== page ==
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Human rights


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Do human rights actually exist?


How would you define "rights"? Are they simply permissions set out by law or something deeper? Should human rights be a global standard or tailored to suit regional tastes?


If they are tailored to suit regional tastes then what makes them something as profound as "human rights" instead of just local by-laws?


If universal human rights should exist then what rights are so important that they should be upheld everywhere regardless of regional cultural difference?


Which of those would be worth fighting over to enforce?


I'm personally of the opinion that we probably don't have any, in reality. And I'm in two minds as to weather they should exist or not.

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here's somewhere to start for definitions:



Definitions of Human rights on the Web:


Human rights refer to the "basic rights and freedoms to which all humans are entitled." Examples of rights and freedoms which have come to be ...



The basic rights and freedoms that all humans should be guaranteed, such as the right to life and liberty, freedom of thought and expression, and ...



Rights to which people are entitled simply because they are human beings, regardless of their nationality, race, ethnicity, gender, or religion.



The conditions and expectations to which every person, by virtue of his or her existence as a human being, is entitled.



the right to property, freedom of religion, etc., the rights which guarantee the concrete, real human being in their occupation, their beliefs, etc. – but founded on the separation of man from man, not on the relations or community of people, – the foundation of bourgeois political economy.



These are the rights that every human being automatically qualifies for at birth. They cannot be denied because of the colour of one’s skin, religion, age or other personal factors. Central to the concept of human rights is the protection of human dignity. ...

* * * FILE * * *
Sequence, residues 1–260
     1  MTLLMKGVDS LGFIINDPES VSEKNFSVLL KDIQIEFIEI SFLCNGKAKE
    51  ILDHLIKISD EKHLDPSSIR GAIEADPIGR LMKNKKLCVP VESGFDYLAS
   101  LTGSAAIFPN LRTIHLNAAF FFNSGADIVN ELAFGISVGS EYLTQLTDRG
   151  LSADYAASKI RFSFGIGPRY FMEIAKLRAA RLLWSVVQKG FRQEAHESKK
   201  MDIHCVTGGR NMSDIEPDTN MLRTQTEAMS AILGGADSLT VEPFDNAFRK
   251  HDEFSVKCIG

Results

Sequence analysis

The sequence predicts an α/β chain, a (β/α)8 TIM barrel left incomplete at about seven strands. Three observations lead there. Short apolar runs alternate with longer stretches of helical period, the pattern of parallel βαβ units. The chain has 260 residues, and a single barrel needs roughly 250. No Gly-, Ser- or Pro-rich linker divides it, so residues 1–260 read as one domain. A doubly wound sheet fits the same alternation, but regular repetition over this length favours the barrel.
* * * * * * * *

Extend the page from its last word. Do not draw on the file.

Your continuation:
Hoyer is a former chairman of the Commission on Security and Cooperation in EuropeCommission on Security and Cooperation in Europe Commission on Security and Cooperation in Europe , also known as the Helsinki Commission, is an independent US... and a vocal supporter of human rights around the world.



are the agreed international standards that recognize and protect the dignity and integrity of every individual without any distinction.



During the 12-year civil war, human rights violations by both left- and right-wing forces were rampant. The accords established a Truth Commission under UN auspices to investigate the most serious cases. The commission reported its findings in 1993. ...



Certain universal rights many argue should be enjoyed by all people because they are justified by a moral standard that stands above the laws of any individual nation. (p. 953)


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Why would you say we don't have any human rights?  Surely we do?  Whether are not you think they protect or are needed by the whole of humanity we certainly do have them.  This doesn't stop them being breached though and so we don't live in harmony yet.  :aww:

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Why would you say we don't have any human rights?  Surely we do?  Whether are not you think they protect or are needed by the whole of humanity we certainly do have them.  This doesn't stop them being breached though and so we don't live in harmony yet.  :aww:


If we truely had human rights then they wouldn't be subjected to subjective interpretation, selective application, or modification. If they can be ammended, changed, withdrawn, or apply only in certain context then they aren't really rights in my eyes. Just legislation.


Freedom of speech in the UK is one of the more obvious candidates for criticism.


Personally I feel that freedom of speech and expression should be a universal right without restrictions of any kind.


In the UK you're only allowed to say nice things about people with money and businesses.


Throughout the world there are more societies where some groups' rights are being trampled upon than there are societies where everyone has their full complement of supposed rights.


Doesn't such a situation make a mockery of the idea of human rights?

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Whether you think the current situation may be making a mockery of the rights or not we still have them.  You seem to have a different meaning for human rights, where they are set in stone and impossible to change, break, modify etc. (that's the impression I get anyway).


If rights are called 'human rights' then surely they are human rights?  The concept is relatively new so there isn't really a concept of definitive human rights as they all have been created recently, they can be changed, abolished etc.  Peoples morals change and there is no absolute authority on what is right and wrong.  You can argue the right to life is impossible to argue against but there are still debates around when one can take life and not.  There are plenty of cases exploring the taking of life by states (e.g. in a hostage situation etc.) and it's impossible to say, you can or can't take another's life.


The main problem in my eyes when trying to make/enforce global rights/laws, is the structure of international law.  International law is different from national legal systems  in that the hierarchy isn't vertical but horizontal and as a result it's difficult to reprimand difficult countries.

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